ambi -birds, occasional dog panting, AC and RC listening to the treehoppers. Occasional comments by them. RC: I can see the males over here flying around calling on a branch -wait for a few seconds if they don't get a response from a female, they'll fly to another branch, fly to another branch. So there's a lot of calling over here. Here's a male that just flew in and landed ... RC and AC listening to the bugs. RC: Some of that purring is pretty close and personal .. I got very good up close signals.
1.25.51 -1.28.06 AC and RC listening to the bugs. RC: As I look across this tree there's about 6 or 8 branches I can see and there are males flying back and forth between all these branches, calling, waiting for a few seconds, and then flying off, landing on another branch calling, it's happening all over this branch -we don't actually hear it from where we are, it's too far through the plant, sound like here it may be a meter or two through the plant ...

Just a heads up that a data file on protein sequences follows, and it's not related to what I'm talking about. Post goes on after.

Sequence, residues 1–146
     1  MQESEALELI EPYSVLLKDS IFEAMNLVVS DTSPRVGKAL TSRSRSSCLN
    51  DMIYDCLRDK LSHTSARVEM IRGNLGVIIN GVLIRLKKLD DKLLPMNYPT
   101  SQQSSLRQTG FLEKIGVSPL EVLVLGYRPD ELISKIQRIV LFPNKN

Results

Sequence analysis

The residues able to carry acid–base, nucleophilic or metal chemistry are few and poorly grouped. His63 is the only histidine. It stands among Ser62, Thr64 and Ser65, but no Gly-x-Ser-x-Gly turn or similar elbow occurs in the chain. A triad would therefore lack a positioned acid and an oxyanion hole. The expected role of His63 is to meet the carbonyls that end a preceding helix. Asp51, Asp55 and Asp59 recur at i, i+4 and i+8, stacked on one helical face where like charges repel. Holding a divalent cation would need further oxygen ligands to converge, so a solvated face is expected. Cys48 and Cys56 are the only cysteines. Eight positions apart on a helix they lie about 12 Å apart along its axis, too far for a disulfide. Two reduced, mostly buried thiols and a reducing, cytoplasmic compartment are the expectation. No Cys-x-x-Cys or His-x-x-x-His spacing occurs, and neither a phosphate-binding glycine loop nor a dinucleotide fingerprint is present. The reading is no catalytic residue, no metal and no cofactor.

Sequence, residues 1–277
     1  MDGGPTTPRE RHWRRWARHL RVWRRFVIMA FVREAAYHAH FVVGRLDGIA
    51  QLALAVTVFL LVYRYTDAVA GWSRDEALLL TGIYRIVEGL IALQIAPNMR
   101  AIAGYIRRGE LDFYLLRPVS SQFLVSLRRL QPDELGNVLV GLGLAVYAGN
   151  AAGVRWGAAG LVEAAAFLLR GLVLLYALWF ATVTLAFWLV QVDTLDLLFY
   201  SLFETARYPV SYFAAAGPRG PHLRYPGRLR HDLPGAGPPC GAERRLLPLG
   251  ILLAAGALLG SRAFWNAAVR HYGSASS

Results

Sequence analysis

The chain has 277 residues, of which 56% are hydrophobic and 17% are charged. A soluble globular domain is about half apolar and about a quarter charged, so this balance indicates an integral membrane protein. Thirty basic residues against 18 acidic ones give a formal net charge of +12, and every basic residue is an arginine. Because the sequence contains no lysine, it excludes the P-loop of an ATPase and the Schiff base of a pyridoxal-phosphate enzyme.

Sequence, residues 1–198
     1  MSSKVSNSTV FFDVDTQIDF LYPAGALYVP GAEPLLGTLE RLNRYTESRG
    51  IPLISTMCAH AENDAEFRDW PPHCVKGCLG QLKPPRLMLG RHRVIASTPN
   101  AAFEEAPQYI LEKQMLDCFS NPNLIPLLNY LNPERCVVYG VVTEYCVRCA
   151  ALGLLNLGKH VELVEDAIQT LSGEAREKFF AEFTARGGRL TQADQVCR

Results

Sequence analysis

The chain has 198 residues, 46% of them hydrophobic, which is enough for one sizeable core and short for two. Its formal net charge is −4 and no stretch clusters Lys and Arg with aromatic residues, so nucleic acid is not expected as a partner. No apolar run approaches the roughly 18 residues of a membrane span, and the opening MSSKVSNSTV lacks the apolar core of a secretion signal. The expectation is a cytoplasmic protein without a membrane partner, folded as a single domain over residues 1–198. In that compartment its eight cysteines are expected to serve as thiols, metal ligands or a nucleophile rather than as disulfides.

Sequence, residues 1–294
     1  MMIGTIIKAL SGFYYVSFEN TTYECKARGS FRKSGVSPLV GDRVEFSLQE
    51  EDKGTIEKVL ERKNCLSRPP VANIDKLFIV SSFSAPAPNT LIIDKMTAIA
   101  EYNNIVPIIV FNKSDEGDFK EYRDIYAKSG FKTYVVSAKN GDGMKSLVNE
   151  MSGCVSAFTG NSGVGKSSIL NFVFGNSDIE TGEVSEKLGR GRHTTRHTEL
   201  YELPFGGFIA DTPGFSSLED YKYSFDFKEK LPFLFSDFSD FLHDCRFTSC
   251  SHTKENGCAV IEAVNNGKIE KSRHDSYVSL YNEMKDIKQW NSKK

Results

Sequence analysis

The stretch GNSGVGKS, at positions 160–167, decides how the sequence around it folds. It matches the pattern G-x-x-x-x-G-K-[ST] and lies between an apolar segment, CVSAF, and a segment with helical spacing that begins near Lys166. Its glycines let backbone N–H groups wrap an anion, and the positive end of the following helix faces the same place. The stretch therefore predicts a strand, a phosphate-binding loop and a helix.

AC: Is that cause there's a little more sun over there?
RC: I think so ...
AC and RC move back over to the other place.
1.28.06 -1.28.33 Walking in woods RC talking